LightSquared Offers Plans To Limit GPS Interference

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Reston, Va. -

LightSquared

is offering to limit the initial operation of its 4G LTE network to the lower part of its L-band spectrum and reduce base-station transmitter power by more than 50 percent to protect existing GPS devices from interference.

The changes would enable the carrier to "serve its growing customer base for the next several years" and use the additional time to work with government agencies such as the Federal Communications Commission (FCC) "to explore mitigation possibilities and operational alternatives that will allow LightSquared to continue to expand its business" by using more of its allocated spectrum, the company said. During this time, LightSquared said it would not use the upper portion of its 1525MHz to 1559MHz spectrum to launch its network as originally planned. The upper portion is closer to the GPS band.

"This is a solution which ensures that tens of millions of GPS users won't be affected by LightSquared's launch," contended LightSquared chairman/CEO Sanjiv Ahuja. "At the same time, this plan offers a clear path for LightSquared to move forward with the launch of a nationwide wireless network that will introduce world class broadband service to rural and underserved areas which still find themselves on the wrong side of the digital divide.''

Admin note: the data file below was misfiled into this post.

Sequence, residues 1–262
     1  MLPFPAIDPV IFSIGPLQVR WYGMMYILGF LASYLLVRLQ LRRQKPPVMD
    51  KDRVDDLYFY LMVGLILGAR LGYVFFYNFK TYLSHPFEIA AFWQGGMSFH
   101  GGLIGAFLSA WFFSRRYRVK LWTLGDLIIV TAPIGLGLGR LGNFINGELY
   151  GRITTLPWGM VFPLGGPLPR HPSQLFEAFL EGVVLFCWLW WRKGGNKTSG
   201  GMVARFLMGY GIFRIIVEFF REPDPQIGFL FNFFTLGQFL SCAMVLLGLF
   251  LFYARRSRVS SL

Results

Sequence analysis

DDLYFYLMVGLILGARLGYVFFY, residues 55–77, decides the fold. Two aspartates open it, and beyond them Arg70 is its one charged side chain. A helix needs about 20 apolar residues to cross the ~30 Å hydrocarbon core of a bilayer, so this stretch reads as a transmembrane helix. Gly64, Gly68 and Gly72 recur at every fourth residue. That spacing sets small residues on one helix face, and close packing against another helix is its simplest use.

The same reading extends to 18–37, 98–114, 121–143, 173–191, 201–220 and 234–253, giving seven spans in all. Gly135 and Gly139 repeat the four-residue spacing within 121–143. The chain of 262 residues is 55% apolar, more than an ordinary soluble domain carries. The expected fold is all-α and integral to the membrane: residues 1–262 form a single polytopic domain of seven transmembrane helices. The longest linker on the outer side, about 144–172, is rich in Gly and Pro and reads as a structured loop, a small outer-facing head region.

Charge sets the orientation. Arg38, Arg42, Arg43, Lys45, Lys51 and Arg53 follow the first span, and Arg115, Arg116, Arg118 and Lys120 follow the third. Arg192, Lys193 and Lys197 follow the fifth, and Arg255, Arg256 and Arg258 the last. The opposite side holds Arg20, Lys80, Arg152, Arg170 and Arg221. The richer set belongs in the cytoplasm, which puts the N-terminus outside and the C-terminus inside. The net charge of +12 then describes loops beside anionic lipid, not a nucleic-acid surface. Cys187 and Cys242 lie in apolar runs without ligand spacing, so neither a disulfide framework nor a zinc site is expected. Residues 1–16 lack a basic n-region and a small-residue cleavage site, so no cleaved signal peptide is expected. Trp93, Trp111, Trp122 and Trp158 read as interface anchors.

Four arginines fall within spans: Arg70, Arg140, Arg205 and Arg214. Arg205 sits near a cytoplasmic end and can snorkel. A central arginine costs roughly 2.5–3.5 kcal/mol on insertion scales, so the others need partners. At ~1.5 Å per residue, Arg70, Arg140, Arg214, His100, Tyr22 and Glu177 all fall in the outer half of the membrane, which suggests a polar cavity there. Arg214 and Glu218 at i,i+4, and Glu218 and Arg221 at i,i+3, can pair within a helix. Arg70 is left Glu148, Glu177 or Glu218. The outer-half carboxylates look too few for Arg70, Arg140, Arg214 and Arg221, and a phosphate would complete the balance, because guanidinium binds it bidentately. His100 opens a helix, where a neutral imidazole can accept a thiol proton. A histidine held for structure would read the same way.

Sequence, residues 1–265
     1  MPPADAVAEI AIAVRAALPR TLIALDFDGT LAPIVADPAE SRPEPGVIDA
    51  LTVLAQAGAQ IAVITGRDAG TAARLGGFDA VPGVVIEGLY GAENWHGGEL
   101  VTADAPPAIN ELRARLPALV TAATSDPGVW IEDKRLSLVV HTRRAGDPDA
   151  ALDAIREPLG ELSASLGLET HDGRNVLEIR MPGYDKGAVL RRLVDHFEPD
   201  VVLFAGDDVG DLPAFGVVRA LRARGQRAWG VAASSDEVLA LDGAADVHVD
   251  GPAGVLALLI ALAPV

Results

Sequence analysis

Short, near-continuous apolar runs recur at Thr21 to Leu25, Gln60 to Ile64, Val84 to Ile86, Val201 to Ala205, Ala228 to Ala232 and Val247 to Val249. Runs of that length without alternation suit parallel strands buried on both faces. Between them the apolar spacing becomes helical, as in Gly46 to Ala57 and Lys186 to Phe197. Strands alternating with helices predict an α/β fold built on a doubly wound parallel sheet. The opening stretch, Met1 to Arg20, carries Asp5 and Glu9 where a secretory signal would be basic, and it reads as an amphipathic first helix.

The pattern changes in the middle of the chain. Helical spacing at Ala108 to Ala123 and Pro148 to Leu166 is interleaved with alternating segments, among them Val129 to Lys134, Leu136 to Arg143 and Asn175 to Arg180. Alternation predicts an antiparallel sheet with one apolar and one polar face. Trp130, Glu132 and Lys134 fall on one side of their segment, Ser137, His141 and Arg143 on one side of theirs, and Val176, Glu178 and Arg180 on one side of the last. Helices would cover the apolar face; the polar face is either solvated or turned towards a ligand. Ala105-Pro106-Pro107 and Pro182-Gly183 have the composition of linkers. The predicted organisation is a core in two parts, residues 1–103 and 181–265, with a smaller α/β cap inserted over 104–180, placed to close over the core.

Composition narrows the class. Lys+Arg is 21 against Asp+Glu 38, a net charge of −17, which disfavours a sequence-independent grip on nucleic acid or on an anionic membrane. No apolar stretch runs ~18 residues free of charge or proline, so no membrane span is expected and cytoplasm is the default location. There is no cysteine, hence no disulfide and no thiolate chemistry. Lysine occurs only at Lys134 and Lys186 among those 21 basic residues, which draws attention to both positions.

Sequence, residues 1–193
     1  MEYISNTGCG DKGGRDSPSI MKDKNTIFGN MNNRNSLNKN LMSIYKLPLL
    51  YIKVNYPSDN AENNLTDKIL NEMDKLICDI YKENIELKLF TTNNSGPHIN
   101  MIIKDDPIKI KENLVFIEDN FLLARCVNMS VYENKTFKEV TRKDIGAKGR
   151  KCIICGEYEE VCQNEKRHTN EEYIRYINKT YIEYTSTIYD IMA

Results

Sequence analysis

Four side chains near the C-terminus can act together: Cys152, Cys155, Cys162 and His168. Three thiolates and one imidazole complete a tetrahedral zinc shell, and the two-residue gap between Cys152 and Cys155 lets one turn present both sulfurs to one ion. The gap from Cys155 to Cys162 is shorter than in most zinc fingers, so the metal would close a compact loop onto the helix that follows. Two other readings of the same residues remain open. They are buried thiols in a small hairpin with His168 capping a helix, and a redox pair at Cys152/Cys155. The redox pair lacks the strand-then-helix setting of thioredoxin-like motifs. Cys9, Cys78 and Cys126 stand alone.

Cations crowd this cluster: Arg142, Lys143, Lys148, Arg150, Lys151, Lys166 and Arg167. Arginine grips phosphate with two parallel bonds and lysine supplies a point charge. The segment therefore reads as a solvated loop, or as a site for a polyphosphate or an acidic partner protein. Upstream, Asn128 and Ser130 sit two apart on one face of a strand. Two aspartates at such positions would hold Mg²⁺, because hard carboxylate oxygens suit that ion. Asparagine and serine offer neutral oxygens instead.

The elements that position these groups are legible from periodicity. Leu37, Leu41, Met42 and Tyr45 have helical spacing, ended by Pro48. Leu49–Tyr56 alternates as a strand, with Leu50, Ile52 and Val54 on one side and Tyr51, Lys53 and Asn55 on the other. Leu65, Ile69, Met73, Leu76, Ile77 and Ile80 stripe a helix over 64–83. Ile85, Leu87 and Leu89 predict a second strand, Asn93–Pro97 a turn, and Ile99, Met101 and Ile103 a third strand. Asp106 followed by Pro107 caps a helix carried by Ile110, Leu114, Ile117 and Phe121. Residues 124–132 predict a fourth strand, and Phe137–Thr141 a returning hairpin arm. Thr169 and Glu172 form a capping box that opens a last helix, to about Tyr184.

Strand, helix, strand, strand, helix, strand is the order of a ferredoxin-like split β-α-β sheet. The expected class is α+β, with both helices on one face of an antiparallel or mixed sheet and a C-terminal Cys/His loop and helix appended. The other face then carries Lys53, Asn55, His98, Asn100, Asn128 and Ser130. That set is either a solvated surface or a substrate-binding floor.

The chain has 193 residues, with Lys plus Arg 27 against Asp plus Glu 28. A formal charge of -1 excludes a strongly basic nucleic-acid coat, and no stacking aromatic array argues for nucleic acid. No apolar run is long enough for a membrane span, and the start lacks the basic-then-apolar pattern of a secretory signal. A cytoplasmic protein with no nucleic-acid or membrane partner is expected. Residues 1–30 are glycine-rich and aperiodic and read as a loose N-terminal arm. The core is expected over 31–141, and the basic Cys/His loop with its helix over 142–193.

Tests run by LightSquared and GPS suppliers

found that "this lower block of frequencies is largely free of interference issues with the exception of a limited number of high-precision GPS receivers that are specifically designed to rely on LightSquared's spectrum," LightSquared said. Such devices are used in agriculture and other industries. The carrier will limit initial operations to that portion of the spectrum, and by reducing maximum authorized base-station transmitter power by more than 50 percent, "will provide additional protection to GPS," the startup carrier said.

 For its part, the

Coalition to Save Our GPS

last week said limited tests conducted in the lower portion of the spectrum produced evidence of "significant interference to a significant number of [high-precision] GPS receivers. Thos tests, however, did not take into account LightSquared's proposed reduction in base-station transmitting power.

 Suppliers of portable navigation devices [PNDs] had also opposed LightSquared's initial plan.

  LightSquared plans a satellite- and terrestrial-based 4G network to provide terrestrial- and satellite-based voice and data service on a wholesale basis to retailers, cable operators, and other companies that want to offer service under their own brand.

Best Buy has entered into an agreement with LightSquared to resell LightSquared's planned 4G LTE voice and data service under its own Best Buy Connect brand. And carrier Leap Wireless, which is building its own 4G LTE network, has entered into a roaming agreement with LightSquared to extend the areas in which its users can access 4G.

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